I know the objection of “But Brit, you spent a good portion of your last article discussing how much you disliked Archie’s/Maxie’s decks — is it not hypocritical for you to like this deck?” is sure to pop up so I would first like to address it. I had an epiphany since writing my last piece and it is not decks including the Archie or Maxie combo that I dislike. It’s when a deck is 100% reliant on that combo to function in the slightest. With a deck like Blastoise, you accomplish next to nothing if you are unable to get Blastoise on the board on your first or second turn. The Blastoise deck list is so odd looking because it is forced to play super low counts of many important cards just to maximize your chances for the first-turn Archie’s and I think ultimately that ruins the deck and makes it into a kind of lottery rather than a deck that is rewarding of thoughtful and careful play.
This deck, conversely, while still featuring the Maxie’s combo is by no means reliant on it. It is well within the realm of possibility that you could win multiple games while never getting Gallade into play. The deck reminds me a lot of Luxray/Infernape from many years ago in that there is almost no synergy between the main attackers of either deck outside of Weakness coverage but it turns that that these cards are just so strong that when paired together, they can overcome almost any obstacle. Yveltal-EX is simply too good of an attacker and it will remain powerful as long as it is legal in any format while Gallade does a ton of damage for very little Energy and could serve as a way to combat against Yveltal’s Weakness. This deck has all the hype right now and I would not be surprised to see the metagame shift to countering it very aggressively in coming weeks but for now if you have yet to give it a shot, I highly recommend it.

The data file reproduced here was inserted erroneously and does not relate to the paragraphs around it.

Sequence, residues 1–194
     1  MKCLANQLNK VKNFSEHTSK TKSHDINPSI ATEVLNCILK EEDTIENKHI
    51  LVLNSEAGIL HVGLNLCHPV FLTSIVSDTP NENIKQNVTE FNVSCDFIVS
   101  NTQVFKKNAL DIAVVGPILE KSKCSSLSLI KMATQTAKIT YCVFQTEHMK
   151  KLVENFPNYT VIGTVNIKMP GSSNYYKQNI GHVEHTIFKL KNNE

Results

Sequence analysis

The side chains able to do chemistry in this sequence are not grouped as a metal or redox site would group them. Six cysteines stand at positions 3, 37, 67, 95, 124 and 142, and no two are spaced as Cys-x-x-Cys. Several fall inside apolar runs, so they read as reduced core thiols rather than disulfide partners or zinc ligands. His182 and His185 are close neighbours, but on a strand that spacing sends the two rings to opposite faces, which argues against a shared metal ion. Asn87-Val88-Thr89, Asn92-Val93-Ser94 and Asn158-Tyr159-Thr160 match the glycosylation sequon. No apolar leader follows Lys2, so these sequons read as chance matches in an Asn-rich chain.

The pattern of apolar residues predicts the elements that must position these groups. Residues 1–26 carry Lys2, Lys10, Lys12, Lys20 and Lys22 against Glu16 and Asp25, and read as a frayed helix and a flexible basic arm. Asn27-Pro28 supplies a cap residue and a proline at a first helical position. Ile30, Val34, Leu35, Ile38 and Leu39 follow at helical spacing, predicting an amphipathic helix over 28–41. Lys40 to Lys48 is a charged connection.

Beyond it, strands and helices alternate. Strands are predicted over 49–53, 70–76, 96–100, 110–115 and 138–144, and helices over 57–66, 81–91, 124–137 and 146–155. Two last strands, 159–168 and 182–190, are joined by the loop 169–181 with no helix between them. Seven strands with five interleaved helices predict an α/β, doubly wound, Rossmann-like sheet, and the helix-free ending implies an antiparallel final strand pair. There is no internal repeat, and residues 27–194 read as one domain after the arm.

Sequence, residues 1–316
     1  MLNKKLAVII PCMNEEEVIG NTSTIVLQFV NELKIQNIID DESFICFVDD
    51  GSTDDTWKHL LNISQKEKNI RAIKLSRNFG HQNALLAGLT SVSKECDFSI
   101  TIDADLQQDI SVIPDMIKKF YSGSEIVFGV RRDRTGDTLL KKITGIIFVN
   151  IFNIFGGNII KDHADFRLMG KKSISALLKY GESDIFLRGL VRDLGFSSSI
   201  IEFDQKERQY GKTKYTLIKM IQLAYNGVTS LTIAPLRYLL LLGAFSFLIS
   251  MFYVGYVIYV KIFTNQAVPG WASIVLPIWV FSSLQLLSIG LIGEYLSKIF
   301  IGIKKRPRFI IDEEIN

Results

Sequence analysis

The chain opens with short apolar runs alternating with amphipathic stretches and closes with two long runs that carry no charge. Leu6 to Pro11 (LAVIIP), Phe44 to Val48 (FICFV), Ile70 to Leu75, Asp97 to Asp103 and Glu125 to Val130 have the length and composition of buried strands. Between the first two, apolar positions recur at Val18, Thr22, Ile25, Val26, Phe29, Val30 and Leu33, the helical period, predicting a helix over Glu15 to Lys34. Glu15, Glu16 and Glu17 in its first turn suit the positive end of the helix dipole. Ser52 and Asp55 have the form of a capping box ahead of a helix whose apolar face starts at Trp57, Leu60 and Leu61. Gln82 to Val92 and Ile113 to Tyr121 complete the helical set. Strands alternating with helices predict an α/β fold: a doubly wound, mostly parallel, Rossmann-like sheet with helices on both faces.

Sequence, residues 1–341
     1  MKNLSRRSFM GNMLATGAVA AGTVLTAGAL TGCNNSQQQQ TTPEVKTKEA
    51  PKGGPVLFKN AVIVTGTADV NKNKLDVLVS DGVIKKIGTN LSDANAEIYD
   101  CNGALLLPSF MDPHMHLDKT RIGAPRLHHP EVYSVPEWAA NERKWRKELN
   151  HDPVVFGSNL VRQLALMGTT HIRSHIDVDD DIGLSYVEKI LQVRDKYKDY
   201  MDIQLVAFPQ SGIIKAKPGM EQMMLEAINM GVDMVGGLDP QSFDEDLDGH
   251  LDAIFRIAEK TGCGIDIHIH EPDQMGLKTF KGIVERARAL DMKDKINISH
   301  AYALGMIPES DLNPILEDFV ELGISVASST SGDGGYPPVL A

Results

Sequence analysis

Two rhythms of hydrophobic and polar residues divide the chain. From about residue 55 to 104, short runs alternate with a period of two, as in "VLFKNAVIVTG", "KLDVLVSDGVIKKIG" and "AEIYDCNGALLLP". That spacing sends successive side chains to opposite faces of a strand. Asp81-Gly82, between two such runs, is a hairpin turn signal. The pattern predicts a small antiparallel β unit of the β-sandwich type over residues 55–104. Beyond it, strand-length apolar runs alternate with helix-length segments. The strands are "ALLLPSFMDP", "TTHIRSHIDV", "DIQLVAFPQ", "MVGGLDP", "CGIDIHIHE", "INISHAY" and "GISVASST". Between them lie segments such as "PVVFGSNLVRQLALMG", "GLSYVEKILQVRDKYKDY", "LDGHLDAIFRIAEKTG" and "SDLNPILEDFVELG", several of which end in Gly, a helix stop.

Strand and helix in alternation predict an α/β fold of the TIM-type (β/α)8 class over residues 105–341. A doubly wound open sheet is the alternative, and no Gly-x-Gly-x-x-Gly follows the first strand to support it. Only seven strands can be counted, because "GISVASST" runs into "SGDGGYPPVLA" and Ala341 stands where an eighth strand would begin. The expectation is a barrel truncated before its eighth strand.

With that said, there are two decks that have really caught my attention with the few results we have received so far and I think they are also worth your attention. First is Gardevoir! A deck that had a very brief five minutes of fame last year during NXD-PRC but was quickly outclassed by almost everything that was released in Roaring Skies. Standard is a much slower format which I think really rewards Gardevoir as it has always been a rather methodical deck. Things that gave it a lot of trouble like Mega Rayquaza-EX, Primal Groudon-EX, and Metal-focused Bronzong decks have fallen by the wayside. The Battle Compressor decks still pose some threat to Gardevoir though I think you have a shot at beating them with careful use of your non-EX Pokémon. The main selling point of the deck is that it absolutely obliterates Yveltal and Tyrantrum decks and so if your metagame is heavily focused on decks of that nature, I think this could be a sleeper hit for your area.
Pokémon – 17
3 M Gardevoir-EX
Trainers – 32
Energy – 11